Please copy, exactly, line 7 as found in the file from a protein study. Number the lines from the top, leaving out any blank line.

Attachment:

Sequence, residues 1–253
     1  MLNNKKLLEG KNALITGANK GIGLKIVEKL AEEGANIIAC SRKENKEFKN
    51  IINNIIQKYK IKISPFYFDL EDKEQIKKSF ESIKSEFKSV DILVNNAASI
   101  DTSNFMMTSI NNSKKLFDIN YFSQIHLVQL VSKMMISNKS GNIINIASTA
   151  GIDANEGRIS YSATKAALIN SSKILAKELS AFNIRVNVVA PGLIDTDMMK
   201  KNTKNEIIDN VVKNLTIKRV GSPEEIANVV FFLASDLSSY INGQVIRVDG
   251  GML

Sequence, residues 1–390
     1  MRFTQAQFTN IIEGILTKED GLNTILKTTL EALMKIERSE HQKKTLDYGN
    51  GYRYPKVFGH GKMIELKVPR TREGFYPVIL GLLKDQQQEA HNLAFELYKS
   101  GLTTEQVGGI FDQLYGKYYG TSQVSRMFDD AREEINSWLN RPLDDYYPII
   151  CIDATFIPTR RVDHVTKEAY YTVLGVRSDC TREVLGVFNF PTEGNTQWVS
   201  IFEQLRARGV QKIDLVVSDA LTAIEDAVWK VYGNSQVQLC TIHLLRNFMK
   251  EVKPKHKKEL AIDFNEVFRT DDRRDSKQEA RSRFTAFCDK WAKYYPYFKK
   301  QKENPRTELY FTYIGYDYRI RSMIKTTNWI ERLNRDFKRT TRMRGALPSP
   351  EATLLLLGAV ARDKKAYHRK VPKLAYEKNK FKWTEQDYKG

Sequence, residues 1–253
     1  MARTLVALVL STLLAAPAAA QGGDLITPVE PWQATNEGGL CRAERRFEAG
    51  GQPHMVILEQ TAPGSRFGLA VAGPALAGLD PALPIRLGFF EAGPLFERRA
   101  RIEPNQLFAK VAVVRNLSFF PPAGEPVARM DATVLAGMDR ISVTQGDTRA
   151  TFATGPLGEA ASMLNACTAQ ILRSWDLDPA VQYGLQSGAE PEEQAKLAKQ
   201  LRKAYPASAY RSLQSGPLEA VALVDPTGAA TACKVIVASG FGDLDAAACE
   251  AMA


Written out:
   251  GML